- Biology. any globose or knoblike part, as a flower head or the head of a bone.
Origin of capitulum
Examples from the Web for capitulum
The capitulum in the largest specimens was .2 of an inch in length.A Monograph on the Sub-class Cirripedia (Volume 1 of 2)
Dorsolaterally there is an articular surface for the capitulum of the rib.
As is well known, the ribs of the Monotremata have only the central head, the capitulum.
In the Odontocetes the ribs have, some of them, the normal attachment by capitulum and tuberculum.
The tuberculum and capitulum on each of the trunk ribs are separated only by a shallow concavity.
- a racemose inflorescence in the form of a disc of sessile flowers, the youngest at the centre. It occurs in the daisy and related plants
- anatomy zoology a headlike part, esp the enlarged knoblike terminal part of a long bone, antenna, etc
Word Origin and History for capitulum
used in various senses in English; Latin, literally "little head," diminutive of caput "head," also "leader, guide, chief person; summit; capital city; origin, source, spring," figuratively "life, physical life;" in writing "a division, paragraph;" of money, "the principal sum," from PIE *kaput- "head" (see head (n.)).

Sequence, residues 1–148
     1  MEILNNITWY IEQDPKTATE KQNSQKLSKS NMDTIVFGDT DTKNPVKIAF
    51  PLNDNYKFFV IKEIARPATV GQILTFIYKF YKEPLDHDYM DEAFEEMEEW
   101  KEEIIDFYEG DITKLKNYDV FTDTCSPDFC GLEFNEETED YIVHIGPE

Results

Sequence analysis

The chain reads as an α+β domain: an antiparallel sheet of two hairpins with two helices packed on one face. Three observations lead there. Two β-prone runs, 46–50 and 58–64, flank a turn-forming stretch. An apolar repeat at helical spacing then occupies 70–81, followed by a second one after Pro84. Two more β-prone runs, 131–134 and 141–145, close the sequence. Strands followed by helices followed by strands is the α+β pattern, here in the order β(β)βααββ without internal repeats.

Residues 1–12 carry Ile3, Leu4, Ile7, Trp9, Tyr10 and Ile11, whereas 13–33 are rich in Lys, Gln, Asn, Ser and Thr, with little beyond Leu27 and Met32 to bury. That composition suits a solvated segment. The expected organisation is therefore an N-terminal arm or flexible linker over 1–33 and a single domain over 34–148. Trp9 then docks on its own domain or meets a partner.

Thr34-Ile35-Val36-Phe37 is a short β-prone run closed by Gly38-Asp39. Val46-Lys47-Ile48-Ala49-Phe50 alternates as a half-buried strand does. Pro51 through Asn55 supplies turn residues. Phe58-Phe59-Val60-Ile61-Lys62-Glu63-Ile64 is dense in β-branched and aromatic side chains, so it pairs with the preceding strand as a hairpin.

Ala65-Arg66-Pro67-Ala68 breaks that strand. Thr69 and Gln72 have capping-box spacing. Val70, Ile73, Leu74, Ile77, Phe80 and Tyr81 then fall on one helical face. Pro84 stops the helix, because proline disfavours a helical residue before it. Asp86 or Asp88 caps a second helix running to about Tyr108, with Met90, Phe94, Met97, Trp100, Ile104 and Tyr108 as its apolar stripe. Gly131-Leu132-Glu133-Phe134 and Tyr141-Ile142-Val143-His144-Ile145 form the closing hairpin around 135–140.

- A small head or rounded articular extremity of a bone.
- A small knob or head-shaped part, such as a protuberance of a bone or the tip of an insect's antenna.
- An inflorescence consisting of a compact mass of small stalkless flowers, as in the English daisy. The yellow central portion of the capitulum of a daisy consists of disk flowers, while the outer white, petallike structures are actually ray flowers. The capitulum is the characteristic inflorescence of the composite family (Asteraceae) of flowering plants.